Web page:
Rice is an integral part of Japanese culture and has been cultivated for over 2000 years. Rice was once even used in place of money and prices were calculated based on the amount of rice the average person would eat in a given time period. So your neighbor could offer you a month’s worth of rice for re-thatching his roof, or you could say, “Junior, mow the lawn and I’ll pay you a week’s worth of rice,” which would never happen because lawns pretty much do not exist here and Junior is too busy playing with his Nintendo anyway.
The word for rice is kome, but that’s only rice that hasn’t been cooked yet. Cooked rice is gohan or meshi (men’s word) which also both mean “meal”. So if your mom yells, “Gohan!” that means it’s time to eat, but not necessarily rice, and she would never yell, “Meshi!” Yaki means grilled so yaki-meshi should be grilled food but it’s not. It’s fried rice, which can also be called chahan. And women never say yaki-meshi unless that’s what it’s called on the menu. And you can’t say yaki-gohan. Ever.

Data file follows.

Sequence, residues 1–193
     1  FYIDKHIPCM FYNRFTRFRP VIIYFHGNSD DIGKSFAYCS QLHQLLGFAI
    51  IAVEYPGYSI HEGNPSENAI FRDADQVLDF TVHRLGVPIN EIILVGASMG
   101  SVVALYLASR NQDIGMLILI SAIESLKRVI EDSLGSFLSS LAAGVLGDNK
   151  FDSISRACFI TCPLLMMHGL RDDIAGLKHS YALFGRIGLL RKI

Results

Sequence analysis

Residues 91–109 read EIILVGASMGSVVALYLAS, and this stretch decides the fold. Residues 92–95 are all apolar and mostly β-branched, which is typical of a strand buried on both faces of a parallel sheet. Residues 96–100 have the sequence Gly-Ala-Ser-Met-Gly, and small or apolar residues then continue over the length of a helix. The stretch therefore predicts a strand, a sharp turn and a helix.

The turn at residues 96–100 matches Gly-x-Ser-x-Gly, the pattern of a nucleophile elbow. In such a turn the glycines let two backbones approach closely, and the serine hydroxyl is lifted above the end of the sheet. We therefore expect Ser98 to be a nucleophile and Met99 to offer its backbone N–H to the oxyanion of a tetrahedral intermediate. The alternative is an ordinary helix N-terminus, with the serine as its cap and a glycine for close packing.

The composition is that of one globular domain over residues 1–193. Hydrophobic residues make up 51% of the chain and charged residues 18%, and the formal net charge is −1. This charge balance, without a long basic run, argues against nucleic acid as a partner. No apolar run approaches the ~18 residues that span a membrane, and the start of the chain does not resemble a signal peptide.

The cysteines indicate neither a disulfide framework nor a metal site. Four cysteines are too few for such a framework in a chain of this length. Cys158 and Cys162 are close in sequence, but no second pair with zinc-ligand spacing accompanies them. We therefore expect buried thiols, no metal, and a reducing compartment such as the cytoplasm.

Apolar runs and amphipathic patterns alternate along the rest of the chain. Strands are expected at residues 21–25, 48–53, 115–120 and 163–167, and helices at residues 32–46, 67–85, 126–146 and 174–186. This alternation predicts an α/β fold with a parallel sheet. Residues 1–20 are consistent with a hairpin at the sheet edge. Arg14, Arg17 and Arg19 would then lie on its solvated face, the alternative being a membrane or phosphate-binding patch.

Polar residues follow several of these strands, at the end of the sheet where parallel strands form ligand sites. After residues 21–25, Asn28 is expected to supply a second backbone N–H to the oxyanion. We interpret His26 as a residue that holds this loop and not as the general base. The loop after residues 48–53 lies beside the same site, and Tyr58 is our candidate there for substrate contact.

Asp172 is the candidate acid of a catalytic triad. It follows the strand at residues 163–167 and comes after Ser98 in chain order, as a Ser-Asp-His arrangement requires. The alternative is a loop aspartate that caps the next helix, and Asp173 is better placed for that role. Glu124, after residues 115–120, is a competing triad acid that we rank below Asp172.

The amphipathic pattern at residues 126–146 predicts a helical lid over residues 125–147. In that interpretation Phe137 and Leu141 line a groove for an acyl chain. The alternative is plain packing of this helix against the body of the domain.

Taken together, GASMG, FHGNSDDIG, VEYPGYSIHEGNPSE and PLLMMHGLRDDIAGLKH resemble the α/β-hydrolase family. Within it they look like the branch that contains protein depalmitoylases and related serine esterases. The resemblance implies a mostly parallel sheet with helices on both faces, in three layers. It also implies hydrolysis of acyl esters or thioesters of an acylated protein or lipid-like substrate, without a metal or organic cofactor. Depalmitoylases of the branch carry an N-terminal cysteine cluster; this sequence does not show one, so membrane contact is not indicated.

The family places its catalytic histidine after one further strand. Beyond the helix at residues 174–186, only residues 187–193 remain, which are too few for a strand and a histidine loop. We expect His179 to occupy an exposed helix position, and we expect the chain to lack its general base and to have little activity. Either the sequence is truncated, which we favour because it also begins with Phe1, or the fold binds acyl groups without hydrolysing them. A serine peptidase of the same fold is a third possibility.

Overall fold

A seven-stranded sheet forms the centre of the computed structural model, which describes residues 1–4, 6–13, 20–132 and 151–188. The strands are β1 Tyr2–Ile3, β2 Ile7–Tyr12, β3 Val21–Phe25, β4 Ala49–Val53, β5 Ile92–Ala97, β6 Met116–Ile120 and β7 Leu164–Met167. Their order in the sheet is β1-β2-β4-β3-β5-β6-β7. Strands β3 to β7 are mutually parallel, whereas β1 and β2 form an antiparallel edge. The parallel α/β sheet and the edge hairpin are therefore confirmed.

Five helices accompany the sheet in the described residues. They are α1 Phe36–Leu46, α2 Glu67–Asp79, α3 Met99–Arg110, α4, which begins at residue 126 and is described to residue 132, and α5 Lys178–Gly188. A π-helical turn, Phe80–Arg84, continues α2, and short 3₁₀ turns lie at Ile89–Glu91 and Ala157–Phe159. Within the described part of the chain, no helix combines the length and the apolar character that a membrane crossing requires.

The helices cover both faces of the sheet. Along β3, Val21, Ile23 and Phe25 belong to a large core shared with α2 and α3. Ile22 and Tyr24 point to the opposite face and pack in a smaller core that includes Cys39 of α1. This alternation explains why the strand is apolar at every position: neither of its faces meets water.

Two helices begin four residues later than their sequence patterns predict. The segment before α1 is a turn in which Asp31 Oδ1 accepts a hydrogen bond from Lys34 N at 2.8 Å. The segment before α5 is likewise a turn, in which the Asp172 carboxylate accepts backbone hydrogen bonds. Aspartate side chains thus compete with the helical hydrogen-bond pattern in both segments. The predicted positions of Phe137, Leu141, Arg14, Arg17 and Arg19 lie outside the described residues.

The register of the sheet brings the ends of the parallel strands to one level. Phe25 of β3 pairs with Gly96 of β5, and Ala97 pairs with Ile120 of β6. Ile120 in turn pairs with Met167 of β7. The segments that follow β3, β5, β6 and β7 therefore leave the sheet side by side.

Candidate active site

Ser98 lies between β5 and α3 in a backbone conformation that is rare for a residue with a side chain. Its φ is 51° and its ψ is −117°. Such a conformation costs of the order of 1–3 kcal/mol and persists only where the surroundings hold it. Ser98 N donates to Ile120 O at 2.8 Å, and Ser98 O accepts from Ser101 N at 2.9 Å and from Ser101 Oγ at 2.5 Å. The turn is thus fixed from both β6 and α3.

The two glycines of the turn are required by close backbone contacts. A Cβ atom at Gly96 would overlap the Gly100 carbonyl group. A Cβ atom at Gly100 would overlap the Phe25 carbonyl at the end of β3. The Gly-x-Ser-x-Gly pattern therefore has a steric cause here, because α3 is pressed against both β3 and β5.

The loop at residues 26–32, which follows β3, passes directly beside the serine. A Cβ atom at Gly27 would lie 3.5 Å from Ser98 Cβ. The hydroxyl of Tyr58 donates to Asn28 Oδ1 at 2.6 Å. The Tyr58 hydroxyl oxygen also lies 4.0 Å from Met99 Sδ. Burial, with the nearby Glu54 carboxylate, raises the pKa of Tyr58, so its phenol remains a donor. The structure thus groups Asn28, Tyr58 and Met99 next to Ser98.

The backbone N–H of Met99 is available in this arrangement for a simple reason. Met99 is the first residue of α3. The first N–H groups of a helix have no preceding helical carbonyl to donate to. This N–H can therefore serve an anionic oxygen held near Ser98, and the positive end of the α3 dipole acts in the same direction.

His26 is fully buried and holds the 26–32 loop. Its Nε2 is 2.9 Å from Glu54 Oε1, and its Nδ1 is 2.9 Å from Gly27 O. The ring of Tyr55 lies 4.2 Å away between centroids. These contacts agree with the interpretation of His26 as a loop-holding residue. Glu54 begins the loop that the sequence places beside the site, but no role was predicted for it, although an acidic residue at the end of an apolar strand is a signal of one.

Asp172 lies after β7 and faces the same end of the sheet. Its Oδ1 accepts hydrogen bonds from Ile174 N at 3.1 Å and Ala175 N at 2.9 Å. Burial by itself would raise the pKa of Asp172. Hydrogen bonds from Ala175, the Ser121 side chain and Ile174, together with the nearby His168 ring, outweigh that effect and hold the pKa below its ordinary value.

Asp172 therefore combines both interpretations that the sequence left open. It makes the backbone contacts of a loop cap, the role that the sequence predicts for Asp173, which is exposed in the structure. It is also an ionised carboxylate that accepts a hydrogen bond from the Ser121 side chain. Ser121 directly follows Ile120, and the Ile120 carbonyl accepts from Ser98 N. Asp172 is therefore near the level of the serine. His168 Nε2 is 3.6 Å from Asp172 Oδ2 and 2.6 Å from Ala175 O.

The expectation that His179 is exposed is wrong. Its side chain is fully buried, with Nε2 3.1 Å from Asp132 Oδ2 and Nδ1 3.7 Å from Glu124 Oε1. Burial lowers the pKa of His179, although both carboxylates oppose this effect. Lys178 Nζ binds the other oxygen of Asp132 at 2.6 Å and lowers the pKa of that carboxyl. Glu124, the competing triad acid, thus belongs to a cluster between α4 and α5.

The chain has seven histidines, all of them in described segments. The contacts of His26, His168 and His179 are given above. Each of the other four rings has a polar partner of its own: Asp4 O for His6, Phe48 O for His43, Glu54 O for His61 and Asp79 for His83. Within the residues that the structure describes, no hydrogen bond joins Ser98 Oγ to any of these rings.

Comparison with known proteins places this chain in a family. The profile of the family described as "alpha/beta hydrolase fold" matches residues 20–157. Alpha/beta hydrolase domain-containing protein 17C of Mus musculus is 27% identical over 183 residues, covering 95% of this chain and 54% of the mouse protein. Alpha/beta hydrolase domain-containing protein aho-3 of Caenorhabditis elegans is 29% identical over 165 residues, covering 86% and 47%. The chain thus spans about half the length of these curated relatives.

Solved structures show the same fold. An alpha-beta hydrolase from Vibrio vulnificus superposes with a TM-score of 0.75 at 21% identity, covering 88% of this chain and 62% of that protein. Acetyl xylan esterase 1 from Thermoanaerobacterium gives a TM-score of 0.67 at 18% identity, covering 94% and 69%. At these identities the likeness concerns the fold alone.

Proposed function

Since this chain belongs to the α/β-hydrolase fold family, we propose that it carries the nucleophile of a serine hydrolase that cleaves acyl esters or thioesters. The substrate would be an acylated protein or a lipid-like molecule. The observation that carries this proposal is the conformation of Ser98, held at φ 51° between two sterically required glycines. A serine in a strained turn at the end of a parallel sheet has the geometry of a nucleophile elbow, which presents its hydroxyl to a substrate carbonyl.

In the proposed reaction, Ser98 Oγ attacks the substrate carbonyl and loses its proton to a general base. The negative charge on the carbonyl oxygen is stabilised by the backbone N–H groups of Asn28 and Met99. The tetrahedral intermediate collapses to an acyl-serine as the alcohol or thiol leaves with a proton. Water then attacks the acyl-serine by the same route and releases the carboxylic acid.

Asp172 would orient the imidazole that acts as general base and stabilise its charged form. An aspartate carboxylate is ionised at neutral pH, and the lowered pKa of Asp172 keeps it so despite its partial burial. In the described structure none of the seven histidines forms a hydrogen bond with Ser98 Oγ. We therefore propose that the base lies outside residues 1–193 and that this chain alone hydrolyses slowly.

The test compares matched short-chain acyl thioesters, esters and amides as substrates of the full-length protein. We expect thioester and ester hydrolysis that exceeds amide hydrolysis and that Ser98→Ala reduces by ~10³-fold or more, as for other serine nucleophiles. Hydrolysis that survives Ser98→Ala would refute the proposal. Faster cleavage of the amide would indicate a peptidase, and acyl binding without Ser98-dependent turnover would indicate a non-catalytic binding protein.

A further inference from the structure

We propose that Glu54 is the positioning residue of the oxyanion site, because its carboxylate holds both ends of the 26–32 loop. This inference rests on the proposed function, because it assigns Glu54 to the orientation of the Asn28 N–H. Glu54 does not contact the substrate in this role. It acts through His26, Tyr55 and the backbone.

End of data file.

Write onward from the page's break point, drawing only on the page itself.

If your rice comes in a bowl and you eat it with chopsticks, then it’s called gohan but never meshi unless you’re an uncouth lout. If it comes on a plate and you eat it with a fork, it’s called raisu. If you want another half serving of rice, you ask for han-raisu, regardless of whether it comes in a bowl or on a plate, and if you ask for han-gohan or han-meshi, all you’ll get is a blank stare.